CEDARVILLE, Ohio — Tuesday marked the official day that the state of Ohio began to roll out the COVID-19 vaccines to those residents 80 years of age and older as part of its Phase 1B plan.
As more vaccines will hopefully become available, DeWine announced plans for how the state will administer doses to those Ohioans with severe congenital, developmental, or early onset medical disorders.
DeWine says for those persons with an intellectual or developmental disability AND one of these severe congenital, developmental, or early onset conditions, their local county developmental disabilities board will reach out to them to help coordinate receipt of the vaccination beginning next week.
Among the conditions that Ohioans must have in addition to a developmental or intellectual disability are:
- Cerebral palsy
- Severe congenital heart disease
- Severe type 1 diabetes requiring hospitalization within in the past year
- Spina bifida
- Sickle cell anemia
- Solid organ transplants
You can see more of the conditions on the list below.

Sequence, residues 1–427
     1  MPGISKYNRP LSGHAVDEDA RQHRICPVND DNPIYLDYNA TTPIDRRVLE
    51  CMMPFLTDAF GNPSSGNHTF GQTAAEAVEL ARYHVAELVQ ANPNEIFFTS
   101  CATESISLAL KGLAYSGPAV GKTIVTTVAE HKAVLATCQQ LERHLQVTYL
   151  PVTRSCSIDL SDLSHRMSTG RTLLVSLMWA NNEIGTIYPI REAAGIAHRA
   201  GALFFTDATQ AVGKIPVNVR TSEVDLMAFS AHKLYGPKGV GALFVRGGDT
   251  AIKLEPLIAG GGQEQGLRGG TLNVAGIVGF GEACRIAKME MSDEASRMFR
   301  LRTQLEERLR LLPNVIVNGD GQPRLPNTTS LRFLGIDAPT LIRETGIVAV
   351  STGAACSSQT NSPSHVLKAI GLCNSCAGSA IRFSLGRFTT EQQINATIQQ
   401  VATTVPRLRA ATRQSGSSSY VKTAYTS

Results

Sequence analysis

During the week of February 15, Ohioans who have severe congenital, developmental, or early onset conditions and do not have an intellectual or developmental disability will be eligible to receive the vaccine. Further guidance will be forthcoming closer to that date.
"We looked to the CDC for guidance," Ohio Department of Health Chief Medical Officer Dr. Bruce Vanderhoff explained. "We focused on those conditions that persist into young adulthood and have strong evidence of risk."
Vanderhoff noted that the doses that will be given to these patients are not pediatric vaccines. The Pfizer vaccine is available only to those 16 years of age and older. The Moderna vaccine is available only for those 18 and older.
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